consequently, i'm using both the starter and clutch way more than in normal riding situations. so that made me nervous about burning out either one of those prematurely - and in some odd corner of the world a million miles away from a qualified tech, much less a triumph tech with triumph parts for this very rare south american steed.
it got really bad in san pedro de atacama, chile. and i was out on exotic day trips to places even SUVs couldn't get too. needless to say, i didn't have a lot of confidence in the bike at the time and it was causing stress when i should have been having a care-free time exploring.
i put in a call to brant, my service tech at cascade moto classics back home in oregon. brant began to patiently, and very skillfully help me diagnose the problem over a series of skype calls over a few days. but remember, we are talking about me describing something over the phone and him having to make education guesses based on the symptoms i'm describing.
brant and i narrowed the stalling/idling issue down to a couple likely culprits: the MAP sensor (manifold absolute pressure sensor hooked up to the bike's computer), and the idle stepper motor (a servo motor that physically controls the bike's idle in various situations.) the MAP sensor is just a little air pressure sensor below the gas tank that is hooked up to a couple hoses and tells the computer whats going on. it's the same exact sensor (interchangeable) as the barometric pressure sensor, which is located under the battery and just reads ambient pressure from the air around the bike. i checked the MAP sensor as i was instructed - hoses in tact, in good condition, and connected. electrical connection in tact. i checked the barometric pressure sensor too - although it's a far less critical reading. all good.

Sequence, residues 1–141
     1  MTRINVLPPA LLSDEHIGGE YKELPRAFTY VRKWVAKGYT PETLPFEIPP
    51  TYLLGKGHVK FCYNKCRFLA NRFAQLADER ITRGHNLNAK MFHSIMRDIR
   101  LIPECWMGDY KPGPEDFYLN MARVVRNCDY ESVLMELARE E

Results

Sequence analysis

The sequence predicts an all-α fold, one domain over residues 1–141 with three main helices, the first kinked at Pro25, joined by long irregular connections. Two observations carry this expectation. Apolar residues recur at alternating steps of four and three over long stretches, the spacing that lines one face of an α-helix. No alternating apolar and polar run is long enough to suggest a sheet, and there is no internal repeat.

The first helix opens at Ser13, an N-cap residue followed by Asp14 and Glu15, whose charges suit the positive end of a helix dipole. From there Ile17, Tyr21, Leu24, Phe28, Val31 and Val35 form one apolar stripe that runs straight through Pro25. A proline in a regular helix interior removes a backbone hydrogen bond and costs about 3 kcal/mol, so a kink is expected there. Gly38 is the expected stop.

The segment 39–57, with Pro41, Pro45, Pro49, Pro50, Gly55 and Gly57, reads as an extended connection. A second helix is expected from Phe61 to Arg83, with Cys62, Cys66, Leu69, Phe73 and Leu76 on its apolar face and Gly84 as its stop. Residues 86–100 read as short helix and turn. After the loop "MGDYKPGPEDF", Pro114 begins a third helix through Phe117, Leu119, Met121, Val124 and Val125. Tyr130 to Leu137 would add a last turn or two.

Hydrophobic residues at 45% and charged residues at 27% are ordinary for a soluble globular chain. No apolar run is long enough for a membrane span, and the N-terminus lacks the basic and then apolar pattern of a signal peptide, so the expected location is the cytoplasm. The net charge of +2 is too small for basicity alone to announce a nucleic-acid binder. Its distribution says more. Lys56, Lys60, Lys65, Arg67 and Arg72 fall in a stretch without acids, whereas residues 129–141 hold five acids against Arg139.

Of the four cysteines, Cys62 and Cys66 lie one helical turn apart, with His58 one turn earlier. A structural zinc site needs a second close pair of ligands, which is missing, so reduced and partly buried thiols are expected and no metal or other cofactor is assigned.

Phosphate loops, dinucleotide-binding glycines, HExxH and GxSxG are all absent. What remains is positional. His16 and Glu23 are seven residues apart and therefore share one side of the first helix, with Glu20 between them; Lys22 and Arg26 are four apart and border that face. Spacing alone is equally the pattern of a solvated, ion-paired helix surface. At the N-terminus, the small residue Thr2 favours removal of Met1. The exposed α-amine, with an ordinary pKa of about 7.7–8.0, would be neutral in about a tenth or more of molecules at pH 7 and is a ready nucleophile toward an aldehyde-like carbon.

brant suggested pulling the battery connection to do a "hard re-boot" on the bike's computer. i did this, and heard the idle stepper motor doing it's little dance upon re-boot, attempting to find its min and max limits. i did this battery disconnect/reconnect a few times, and each time, the stepper motor would take a different amount of time to do it's thing upon re-boot - like it was confused. like it was failing. so in my head, i had found the culprit, since the MAP sensor has no moving parts and the stepper motor is a complicated little server motor with lots of fragile moving parts.
at one point, after a hard re-boot, the stepper motor found it's limits, i started the bike, and the idle was completely perfect. like nothing had every happened! this was a break through, and in my mind, i had found the culprit. a smoking gun!
i knew that in a week or so, i'd be here in santa cruz, bolivia, so i quickly pulled the trigger and had the nice folks at cascade (thank you liz, janice, and randy!) fedex a stepper motor to my future (and current) hotel. i also had them throw in an oil filter, and a set of rear brake pads - i knew i was going to pay through the teeth for the shipment to bolivia anyway.